By: Guest Writers Jasmine Pham, David J. Roman, and Vince Vu
Nghia (Vince) Vu (MBA ’15, Vietnam) recalled with a smile how Ho Chi Minh City comes alive for the Tet Nguyen Dan festival, vibrant horticultural displays everywhere along “Flower Street” for three weeks. He and Tra (Jasmine) Pham (MBA ’15, Vietnam) are both the first-year Thunderbird MBA candidates from Vietnam who coordinated a group of T-birds to attend Phoenix’s own edition of the lunar new year celebration this past Saturday.
The event was held from 2:00-10:00 PM at Phoenix College on February 14 and featured a variety of speakers, musicians, dancers, activities, and food. Many there told me how their small community of Vietnamese (~2,000 people) here in Phoenix could not replicate the incredible energy and color of the festival in Vietnam, yet they were glad to have the opportunity to enjoy a taste of home.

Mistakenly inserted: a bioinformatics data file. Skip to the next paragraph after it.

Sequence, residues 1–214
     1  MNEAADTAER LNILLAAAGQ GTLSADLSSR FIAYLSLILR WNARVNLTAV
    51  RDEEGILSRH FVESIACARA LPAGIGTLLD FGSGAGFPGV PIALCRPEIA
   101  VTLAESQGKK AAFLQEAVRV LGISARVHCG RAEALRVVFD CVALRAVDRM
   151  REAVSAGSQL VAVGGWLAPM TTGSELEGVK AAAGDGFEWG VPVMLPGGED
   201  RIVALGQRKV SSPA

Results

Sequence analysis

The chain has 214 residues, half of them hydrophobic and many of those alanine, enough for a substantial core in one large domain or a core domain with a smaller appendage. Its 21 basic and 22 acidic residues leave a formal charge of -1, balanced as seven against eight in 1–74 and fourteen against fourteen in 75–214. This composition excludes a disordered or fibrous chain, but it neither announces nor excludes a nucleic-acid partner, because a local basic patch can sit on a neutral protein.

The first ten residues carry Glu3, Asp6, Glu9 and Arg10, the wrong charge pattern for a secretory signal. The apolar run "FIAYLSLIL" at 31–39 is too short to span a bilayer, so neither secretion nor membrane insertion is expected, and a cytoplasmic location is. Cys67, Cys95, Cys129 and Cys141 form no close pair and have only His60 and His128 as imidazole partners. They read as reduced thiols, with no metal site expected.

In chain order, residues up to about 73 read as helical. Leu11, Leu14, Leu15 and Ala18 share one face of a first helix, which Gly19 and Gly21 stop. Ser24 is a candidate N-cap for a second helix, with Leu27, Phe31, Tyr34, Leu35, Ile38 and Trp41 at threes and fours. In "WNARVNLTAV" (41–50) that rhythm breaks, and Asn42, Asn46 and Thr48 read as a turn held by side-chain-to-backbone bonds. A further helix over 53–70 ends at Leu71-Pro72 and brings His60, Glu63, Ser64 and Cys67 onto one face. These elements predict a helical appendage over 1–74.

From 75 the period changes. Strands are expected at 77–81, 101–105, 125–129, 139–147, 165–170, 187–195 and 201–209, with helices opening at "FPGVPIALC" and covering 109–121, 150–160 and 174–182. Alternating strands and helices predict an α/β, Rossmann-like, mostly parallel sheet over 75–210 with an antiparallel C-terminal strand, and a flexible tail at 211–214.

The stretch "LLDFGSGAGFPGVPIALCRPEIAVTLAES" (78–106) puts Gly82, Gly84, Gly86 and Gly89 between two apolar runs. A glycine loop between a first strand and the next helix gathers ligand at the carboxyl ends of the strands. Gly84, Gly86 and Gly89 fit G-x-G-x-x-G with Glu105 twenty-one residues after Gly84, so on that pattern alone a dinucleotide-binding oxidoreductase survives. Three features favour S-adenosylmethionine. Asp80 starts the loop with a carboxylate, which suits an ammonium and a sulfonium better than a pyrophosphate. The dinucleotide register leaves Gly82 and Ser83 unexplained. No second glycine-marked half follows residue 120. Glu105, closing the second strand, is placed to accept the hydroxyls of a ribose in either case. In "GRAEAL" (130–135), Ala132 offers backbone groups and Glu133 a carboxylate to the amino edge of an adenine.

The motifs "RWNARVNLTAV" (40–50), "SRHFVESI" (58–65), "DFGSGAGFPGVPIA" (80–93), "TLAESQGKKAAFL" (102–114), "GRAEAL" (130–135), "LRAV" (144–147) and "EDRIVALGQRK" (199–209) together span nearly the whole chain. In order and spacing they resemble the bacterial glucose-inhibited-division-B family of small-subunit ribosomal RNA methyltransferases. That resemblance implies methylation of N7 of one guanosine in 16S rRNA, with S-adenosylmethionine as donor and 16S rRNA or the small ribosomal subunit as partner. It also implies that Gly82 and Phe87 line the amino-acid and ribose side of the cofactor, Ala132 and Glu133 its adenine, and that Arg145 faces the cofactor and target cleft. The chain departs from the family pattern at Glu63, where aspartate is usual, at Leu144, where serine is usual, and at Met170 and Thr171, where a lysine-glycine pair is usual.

Pham agreed, “Yeah, the real Vietnam is much more fantastic, colorful, but this is a good effort from the small community here. We appreciate that going here we can walk among Vietnamese, some in the traditional Ao Dai, speak Vietnamese and enjoy Vietnamese food and drink. It feels like home for awhile.”
Pham and Vu explained that people in the festival usually eat square rice cakes call Banh Chung (which represent the earth) and circular rice cakes called Banh Tet (which represent the sky), along with watermelon and other sweets. This food is to represent the harmony of the environment and to bring people together in community. “Before the holiday, the big family usually gathers around to make the Banh Chung and Banh Tet. Then, they gather around a huge pot put on the self-made stove of bricks and coals to cook them the whole night.
“During the 3 main days of Tet (the 1st – 3rd of January in Lunar calendar), we usually visit our relatives, teachers and friends.” Vu added that –since the theme of each festival changes to follow the zodiac sign for that year– families traditionally pose for photos together in front of the flower displays with the motifs of that year’s theme. For the 2015 festival: the goat, which bears good omen for all things artistic.